As a market jurisdiction, India’s policy intent underlying the new EL appears to be taxation of business profits generated by foreign enterprises from continued digital interaction with Indian user base. However, what happens in cases where an Indian distributor places orders for goods with a foreign manufacturer on an online order portal designed by the manufacturer. It is unclear whether tax policy intends to tax such transactions too, given that the supply chain following the distributor is already subject to Indian income tax.
New EL’s application to digital facilities that provide financial or transaction processing services such as online loans, payment gateway services, payment aggregators, etc. is also not clear. Indian case law in the past has held that interest payments are the result of a financing transaction and not a service. Similarly, transaction-processing fee charged by banks are a banking service and not commission. However, in the absence of any policy statement by the Indian Government, the scope of new EL ambiguous.
A bunch of other miscellaneous issues remains open. For instance, the income tax exemption applicable to transaction subject to EL is effective 1 April, 2021 where as EL has come into force from 1 April, 2020. The policy rationale for this time lag is unclear. The law also does not specify the foreign currency exchange rate to ascertain the taxable threshold of INR 20 million.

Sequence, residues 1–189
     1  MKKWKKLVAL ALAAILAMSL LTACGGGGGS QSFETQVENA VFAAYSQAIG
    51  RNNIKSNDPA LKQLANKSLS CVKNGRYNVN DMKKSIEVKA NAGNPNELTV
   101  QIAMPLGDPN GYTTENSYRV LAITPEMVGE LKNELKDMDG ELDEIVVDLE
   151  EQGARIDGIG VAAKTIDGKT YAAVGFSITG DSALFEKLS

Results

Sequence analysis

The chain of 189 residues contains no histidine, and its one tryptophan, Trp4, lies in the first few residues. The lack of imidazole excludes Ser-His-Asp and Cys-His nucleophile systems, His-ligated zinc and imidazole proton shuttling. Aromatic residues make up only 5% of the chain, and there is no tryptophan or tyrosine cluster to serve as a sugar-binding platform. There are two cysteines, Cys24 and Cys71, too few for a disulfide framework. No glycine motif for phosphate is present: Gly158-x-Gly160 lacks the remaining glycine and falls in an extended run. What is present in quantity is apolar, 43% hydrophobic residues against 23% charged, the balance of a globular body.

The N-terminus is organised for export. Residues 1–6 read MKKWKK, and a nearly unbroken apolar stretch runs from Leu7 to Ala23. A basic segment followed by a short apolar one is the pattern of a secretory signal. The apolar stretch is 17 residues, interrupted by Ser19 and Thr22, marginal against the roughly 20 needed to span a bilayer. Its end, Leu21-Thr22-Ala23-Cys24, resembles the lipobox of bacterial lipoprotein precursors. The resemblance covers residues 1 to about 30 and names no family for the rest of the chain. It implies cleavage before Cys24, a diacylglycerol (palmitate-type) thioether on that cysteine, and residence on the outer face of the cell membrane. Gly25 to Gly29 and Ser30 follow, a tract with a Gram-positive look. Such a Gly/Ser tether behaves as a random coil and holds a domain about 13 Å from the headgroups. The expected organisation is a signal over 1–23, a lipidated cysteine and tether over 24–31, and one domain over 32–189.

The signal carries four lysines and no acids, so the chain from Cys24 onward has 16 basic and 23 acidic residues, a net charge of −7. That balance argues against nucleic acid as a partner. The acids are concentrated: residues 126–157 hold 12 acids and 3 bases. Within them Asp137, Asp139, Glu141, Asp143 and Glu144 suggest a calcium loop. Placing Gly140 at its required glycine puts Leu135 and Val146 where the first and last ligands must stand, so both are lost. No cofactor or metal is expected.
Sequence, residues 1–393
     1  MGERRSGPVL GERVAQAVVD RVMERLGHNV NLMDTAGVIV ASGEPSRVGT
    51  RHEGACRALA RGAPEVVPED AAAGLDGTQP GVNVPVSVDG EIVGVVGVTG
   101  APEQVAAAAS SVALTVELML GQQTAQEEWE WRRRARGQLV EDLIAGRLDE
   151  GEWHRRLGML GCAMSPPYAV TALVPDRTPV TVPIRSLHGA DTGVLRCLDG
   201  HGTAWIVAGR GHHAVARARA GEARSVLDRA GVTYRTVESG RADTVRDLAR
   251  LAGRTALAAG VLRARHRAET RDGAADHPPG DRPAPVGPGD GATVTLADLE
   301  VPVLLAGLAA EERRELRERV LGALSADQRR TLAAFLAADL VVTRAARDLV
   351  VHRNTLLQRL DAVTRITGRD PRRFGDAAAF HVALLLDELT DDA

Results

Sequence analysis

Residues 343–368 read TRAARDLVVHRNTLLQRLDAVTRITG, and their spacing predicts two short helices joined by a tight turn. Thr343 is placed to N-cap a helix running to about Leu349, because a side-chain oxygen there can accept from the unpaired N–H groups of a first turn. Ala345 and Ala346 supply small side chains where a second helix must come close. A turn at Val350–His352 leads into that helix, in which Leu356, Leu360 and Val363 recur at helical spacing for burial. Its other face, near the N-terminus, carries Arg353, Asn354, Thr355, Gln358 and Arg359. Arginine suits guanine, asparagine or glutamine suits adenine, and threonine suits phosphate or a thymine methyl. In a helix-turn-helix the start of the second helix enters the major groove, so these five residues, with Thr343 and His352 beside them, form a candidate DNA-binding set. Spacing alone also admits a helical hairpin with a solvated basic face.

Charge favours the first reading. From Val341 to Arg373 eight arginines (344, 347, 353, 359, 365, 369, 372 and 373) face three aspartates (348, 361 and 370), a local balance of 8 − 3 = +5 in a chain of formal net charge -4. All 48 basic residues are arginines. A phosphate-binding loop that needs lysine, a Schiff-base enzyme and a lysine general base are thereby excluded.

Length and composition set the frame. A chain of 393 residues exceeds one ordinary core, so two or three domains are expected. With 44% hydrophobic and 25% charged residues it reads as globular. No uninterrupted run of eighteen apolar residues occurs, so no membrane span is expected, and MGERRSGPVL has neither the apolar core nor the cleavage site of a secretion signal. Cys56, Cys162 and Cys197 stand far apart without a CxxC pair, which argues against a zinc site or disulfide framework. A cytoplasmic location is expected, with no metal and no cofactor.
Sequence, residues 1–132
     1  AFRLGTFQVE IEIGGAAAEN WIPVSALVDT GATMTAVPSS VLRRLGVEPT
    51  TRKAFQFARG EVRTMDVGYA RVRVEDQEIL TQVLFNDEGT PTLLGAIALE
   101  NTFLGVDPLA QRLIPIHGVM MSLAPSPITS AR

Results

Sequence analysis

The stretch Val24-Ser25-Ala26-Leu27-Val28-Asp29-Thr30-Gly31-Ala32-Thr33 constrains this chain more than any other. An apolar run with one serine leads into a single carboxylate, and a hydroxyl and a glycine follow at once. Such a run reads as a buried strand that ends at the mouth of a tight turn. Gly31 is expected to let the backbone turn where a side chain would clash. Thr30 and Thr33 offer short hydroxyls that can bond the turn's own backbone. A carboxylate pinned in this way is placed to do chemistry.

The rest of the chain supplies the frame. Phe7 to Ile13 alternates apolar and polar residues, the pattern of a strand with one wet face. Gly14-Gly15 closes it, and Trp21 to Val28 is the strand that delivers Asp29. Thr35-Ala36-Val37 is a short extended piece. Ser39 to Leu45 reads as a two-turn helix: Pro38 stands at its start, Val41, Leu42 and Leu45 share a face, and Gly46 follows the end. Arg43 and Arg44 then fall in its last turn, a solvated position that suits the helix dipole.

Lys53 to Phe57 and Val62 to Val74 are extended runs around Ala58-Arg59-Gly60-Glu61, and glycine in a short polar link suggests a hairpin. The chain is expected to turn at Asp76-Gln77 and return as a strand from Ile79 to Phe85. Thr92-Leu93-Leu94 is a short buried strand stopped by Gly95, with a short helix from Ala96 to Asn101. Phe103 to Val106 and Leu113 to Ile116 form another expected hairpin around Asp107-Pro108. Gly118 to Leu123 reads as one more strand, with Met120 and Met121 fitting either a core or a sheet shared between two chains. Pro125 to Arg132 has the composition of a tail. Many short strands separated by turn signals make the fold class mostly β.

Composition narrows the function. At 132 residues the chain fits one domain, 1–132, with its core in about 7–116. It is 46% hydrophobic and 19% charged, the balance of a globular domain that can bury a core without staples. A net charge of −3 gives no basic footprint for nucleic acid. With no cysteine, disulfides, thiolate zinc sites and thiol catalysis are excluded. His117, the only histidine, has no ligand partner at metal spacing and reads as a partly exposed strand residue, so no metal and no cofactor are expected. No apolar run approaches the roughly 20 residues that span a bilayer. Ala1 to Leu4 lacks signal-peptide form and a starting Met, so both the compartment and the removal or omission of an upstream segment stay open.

Conclusion – a case for deferral
Indeed, the first policy question is the need for a new EL pending the firming up of international tax rules for taxing the digital economy. Keeping that aside, certainty is key to any tax policy and currently there are gaping holes in the new EL that need clarity to ensure effective compliance. A consultative process before introducing the new EL would have allowed the Government to foresee and test EL rules against the several online business models that are prevalent. For many businesses where the profit margin is 2% or less, serving the Indian Market has become commercially unviable. Additionally, E-Commerce Operators were not given any heads up to set up internal systems to secure compliance for a new levy introduced in the midst the covid crisis. To our mind, a deferral of the new EL post consultation with all stakeholders will go a long way in boosting confidence in the Indian tax system. The Government should also consider introducing a mechanism by way of which an e-commerce operator can seek an advance determination of whether the new EL rules apply to it.
This is intended for general information purposes only. The views and opinions expressed in this article are those of the author/authors and does not necessarily reflect the views of the firm.